Networking in Denmark: Not as scary as it seems?

Networking can feel like a daunting undertaking at the best of times, not least as a newcomer to Denmark's reserved culture. The Local's guest columnist and newly hatched Copenhagener Emma Firth shares her experiences and advice.

Networking in Denmark: Not as scary as it seems?
Photo: Iris/Scanpix

Networking. A word I used to shudder at. Alone in a crowded room, lurking on the periphery of a group deep in conversation, sipping cheap wine while smiling meaningfully at a conversation you can’t hear. All the while channelling that song from La La Land…

“Someone in the crowd,

Could be the one you need to know.

The one to finally lift you off the ground.”

As in the film; the reality is that you spend most of your time in the loo.

But since moving to Copenhagen three months ago, I have started to view networking differently. It doesn’t involve awkwardness, it doesn’t pin all hopes on one meeting but it does, slowly but surely start lifting you off the expat ground.


It started with asking our first landlords for a list of places we could take our one year-old daughter Lydia while we got settled.

They left us a four-page document, a cuddly toy present (for Lydia, not us) and their contact details, if we had any more questions. Two-weeks into moving, we knocked on our neighbour’s door introducing ourselves. This led to being left a lovely note on our gate, inviting us to their house, where we were treated to pastries, coffee and most of all a genuine friendship. They offered us a stop-gap place to stay when our two-month rent was up, they contacted friends to help us find work, they even translated our mail. When we moved, our new landlords were equally as welcoming; inviting us over for coffee (we end up drinking a lot of it over here), and recommending local nurseries.

Saying hello

Having a toddler who likes to wave and say hello to anyone passing, has been a gateway to many conversations. Now I’m not saying, we all need to wave at strangers in the street to find out information, tempted as I am to try it. But being present in the moment and open to smiling/helping someone off the bus/giving a little more information about yourself, can really lead to some fruitful conversations.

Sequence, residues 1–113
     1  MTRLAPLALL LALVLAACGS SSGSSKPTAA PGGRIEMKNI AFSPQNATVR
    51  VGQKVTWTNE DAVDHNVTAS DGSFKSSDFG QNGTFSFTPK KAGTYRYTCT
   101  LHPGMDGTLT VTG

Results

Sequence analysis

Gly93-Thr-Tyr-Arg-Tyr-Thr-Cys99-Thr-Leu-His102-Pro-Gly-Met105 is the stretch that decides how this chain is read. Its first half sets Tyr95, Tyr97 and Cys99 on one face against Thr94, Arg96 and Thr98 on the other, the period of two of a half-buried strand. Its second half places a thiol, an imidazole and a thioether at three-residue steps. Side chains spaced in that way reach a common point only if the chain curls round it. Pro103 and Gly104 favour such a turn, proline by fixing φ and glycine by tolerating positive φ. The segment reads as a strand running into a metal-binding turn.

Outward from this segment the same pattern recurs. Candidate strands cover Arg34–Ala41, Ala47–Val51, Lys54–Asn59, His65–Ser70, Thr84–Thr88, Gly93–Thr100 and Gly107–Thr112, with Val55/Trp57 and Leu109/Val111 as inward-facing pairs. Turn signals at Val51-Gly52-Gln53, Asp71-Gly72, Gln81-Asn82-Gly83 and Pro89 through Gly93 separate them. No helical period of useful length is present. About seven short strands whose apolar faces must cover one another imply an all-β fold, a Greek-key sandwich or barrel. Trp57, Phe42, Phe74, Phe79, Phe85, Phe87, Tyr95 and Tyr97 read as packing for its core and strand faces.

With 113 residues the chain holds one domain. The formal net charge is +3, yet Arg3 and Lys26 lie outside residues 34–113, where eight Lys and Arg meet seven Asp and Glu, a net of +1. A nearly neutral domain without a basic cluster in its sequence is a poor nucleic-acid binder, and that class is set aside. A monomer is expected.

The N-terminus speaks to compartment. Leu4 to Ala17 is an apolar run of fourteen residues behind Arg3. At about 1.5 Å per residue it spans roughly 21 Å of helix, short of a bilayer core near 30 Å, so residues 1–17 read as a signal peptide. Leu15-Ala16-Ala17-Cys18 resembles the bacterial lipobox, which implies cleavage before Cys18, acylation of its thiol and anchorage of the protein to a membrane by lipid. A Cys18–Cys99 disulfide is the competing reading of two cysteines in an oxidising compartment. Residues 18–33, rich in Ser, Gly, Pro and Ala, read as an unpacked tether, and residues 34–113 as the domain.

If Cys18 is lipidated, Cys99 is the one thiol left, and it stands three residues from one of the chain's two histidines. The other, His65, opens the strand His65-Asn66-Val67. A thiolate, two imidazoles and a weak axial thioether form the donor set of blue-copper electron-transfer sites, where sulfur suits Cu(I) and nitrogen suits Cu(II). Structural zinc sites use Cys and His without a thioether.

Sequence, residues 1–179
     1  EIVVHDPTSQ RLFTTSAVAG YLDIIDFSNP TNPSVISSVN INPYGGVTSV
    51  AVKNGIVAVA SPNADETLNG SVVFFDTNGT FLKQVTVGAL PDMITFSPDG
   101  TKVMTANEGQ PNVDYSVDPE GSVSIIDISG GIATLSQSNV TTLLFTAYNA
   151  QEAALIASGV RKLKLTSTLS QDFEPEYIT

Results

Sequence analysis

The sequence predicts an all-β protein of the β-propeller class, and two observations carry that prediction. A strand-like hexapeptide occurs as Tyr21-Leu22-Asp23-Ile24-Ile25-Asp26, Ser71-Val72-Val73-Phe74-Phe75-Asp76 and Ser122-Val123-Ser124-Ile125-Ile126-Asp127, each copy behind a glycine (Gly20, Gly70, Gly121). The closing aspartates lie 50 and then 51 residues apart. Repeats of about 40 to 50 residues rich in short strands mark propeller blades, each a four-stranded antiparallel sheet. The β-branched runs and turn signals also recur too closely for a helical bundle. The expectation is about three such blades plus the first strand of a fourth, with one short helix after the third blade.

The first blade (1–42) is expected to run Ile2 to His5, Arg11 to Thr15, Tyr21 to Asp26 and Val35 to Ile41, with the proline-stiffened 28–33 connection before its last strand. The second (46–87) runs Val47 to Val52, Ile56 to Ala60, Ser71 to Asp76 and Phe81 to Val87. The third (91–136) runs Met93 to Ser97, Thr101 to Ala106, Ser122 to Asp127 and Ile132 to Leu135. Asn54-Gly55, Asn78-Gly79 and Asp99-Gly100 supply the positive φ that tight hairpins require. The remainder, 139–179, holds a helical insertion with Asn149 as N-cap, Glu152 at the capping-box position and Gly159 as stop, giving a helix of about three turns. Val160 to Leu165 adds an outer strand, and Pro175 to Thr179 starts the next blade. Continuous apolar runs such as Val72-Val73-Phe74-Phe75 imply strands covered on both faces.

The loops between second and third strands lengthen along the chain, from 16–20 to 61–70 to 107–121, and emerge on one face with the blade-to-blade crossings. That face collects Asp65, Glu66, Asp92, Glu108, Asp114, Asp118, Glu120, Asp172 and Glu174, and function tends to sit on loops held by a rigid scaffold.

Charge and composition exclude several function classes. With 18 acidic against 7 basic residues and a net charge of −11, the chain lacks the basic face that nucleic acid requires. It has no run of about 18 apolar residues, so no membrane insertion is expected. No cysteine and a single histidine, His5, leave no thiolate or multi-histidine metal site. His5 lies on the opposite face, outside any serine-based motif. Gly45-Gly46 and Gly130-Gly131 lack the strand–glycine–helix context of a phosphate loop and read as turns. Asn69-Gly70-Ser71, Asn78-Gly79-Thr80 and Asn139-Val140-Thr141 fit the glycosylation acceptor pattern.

Lydia’s productive waving started on our flight out here, when we met a mum from England, who has lived in Copenhagen for seven years. As I write this, I’m about to go for an evening drink and catch up with her. A nanny looking after Danish children gave my husband a list of fun places to take Lydia, as well as money-saving tips and apps. A Danish family we met at a Fastelavn festival, offered their house for us to rent over the summer. And a Dad I met in our local park on a day I was feeling homesick, turned out to come from a place 30 minutes from our home in England. We swapped numbers in case we ever need adult conversation on the park run again.

Danes with young families are often good at multitasking. Photo: Iris/Scanpix


As a freelancer, meeting people for coffees to discuss potential projects is how I get work. I didn’t realise this was also the most successful technique for getting a permanent job in Copenhagen. Employers like to know people who know you, however tenuous it might be. As a result, I have been blown away by the number of people – Danes and expats – who have gone through their contacts list to try and think of people that my husband and I can approach for more work. When my husband joined his Danish language class, the first lesson was about what you did for a living. He was the only one who needed the translation for ‘job-seeker.’ As a result, people in his class came forward with advice and contacts. Through that, he now has a temporary full-time job. It’s not a dream job but it’s work and it’s the first concrete offer after six months of applications. The Power Job Seekers group is another form of networking that has been a big help to him. It’s a weekly group, run by job-seeking volunteers, who invite employers to give presentations and follow it up with a workshop. Here people can learn tips about making Danish CVs, practice interview techniques and most importantly, give each other the confidence to keep going.